Can Playing Video Games Make You a Better Person?
Earlier this month, IGN talked about moral choices in video games in "Another 5 Reasons Video Games are Actually Good for You." According to the post, a recent study indicates "that antisocial behavior in video games actually may make players more morally sensitive, rather than less (contrary to popular belief)."
The article explaining this research, written by experts in Communications and Advertising from various universities, found that subjects showed signs of guilt after virtually committing immoral acts, even though they weren't actually doing so. They also found an increase in subjects' "moral sensitivity" after playing, meaning they were more prone to thinking morally in real life.
BioShock 1 and 2 offer a choice to "Rescue" or "Harvest" corrupted beings known as "Little Sisters."
There are many games that allow players to act as "bad guys," or that offer the option to perform immoral actions. Several video games even keep track of your choices, with a "morality system," which allows gamers to choose what kind of character they want to play. Do they want to play a nice character and solve things in a diplomatic way? Or do they want to hit first and ask questions later?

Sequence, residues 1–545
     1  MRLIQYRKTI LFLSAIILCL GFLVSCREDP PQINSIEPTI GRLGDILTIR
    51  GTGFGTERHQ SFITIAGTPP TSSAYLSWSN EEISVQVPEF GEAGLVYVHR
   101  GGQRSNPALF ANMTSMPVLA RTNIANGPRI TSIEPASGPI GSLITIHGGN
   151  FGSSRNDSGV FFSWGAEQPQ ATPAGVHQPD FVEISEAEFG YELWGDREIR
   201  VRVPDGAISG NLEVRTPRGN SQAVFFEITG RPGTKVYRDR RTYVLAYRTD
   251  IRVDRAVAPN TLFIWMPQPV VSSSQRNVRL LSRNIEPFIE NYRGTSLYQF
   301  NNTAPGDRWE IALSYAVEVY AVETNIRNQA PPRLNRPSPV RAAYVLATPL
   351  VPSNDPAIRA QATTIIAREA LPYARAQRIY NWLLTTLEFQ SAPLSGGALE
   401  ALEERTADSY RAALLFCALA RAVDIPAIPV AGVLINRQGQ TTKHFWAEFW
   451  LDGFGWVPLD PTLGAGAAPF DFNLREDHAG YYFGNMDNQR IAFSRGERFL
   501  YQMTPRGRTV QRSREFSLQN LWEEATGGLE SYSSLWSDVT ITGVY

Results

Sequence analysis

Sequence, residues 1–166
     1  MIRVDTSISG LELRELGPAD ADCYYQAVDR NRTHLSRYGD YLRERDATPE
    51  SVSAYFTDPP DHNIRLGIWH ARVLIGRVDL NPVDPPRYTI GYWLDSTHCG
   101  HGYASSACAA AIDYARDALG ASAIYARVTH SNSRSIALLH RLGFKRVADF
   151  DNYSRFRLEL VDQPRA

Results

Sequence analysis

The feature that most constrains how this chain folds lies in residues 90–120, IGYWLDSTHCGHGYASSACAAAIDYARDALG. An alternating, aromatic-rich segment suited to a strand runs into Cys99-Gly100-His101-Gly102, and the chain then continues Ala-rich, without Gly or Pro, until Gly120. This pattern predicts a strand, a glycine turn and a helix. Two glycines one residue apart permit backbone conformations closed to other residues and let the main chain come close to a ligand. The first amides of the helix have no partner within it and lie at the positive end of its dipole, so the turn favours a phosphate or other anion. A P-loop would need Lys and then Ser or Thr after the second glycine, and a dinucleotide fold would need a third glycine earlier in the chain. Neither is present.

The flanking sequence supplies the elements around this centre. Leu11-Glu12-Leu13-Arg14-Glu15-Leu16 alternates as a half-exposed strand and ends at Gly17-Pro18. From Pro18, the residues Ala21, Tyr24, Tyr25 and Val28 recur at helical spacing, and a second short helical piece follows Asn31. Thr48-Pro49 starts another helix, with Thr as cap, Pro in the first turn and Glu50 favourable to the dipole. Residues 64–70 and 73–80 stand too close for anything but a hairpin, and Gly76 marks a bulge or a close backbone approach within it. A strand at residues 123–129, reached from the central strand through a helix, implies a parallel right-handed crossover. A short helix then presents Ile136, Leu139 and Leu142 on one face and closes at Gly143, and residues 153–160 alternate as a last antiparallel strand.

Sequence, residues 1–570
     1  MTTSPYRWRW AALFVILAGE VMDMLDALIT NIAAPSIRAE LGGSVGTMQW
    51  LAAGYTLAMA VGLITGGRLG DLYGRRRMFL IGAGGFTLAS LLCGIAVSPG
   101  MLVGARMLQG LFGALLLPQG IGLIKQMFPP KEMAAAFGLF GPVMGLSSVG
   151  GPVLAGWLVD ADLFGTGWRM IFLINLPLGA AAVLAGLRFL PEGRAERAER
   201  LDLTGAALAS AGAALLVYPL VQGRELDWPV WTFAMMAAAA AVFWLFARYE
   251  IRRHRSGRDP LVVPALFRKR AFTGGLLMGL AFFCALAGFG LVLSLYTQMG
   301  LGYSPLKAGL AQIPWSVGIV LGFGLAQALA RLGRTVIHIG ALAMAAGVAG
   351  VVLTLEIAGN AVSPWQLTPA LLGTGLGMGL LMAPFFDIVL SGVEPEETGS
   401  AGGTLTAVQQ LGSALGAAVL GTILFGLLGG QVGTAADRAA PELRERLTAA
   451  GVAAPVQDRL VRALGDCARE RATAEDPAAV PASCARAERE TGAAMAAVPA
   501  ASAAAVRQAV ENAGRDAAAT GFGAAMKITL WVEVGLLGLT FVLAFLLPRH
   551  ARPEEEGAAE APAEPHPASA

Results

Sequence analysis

Ranging in complexity, these systems, allow players some flexibility in their gameplay. In some cases, depending on what you choose, your actions can have a huge impact on later events, how others interact with your character, and even what ultimately happens to your character. Therefore, these systems can guide players to consistently make certain choices to get benefits, or experience alternate playthroughs.
Some games, like the Mass Effect series, do not have a typical Good vs. Evil Morality System.
In other words, a player may not really be a "bad guy," but they want to see what happens when they are, so it makes sense that some players feel guilt for their actions. Especially since they have a counter serving as a constant reminder of their immoral in-game choices, and often have to suffer consequences for those choices.
The findings in this study only suggest a connection between committing immoral actions in video games and an increase in "moral sensitivity." It does not mean the findings are a proven fact. It is intriguing, though, particularly for any gamer who has ever had to deal with the "video games are bad for you" complaint. The study also helps shed light on how so many game developers consider morality's significance when making games, and how they allow players to question their in-game choices.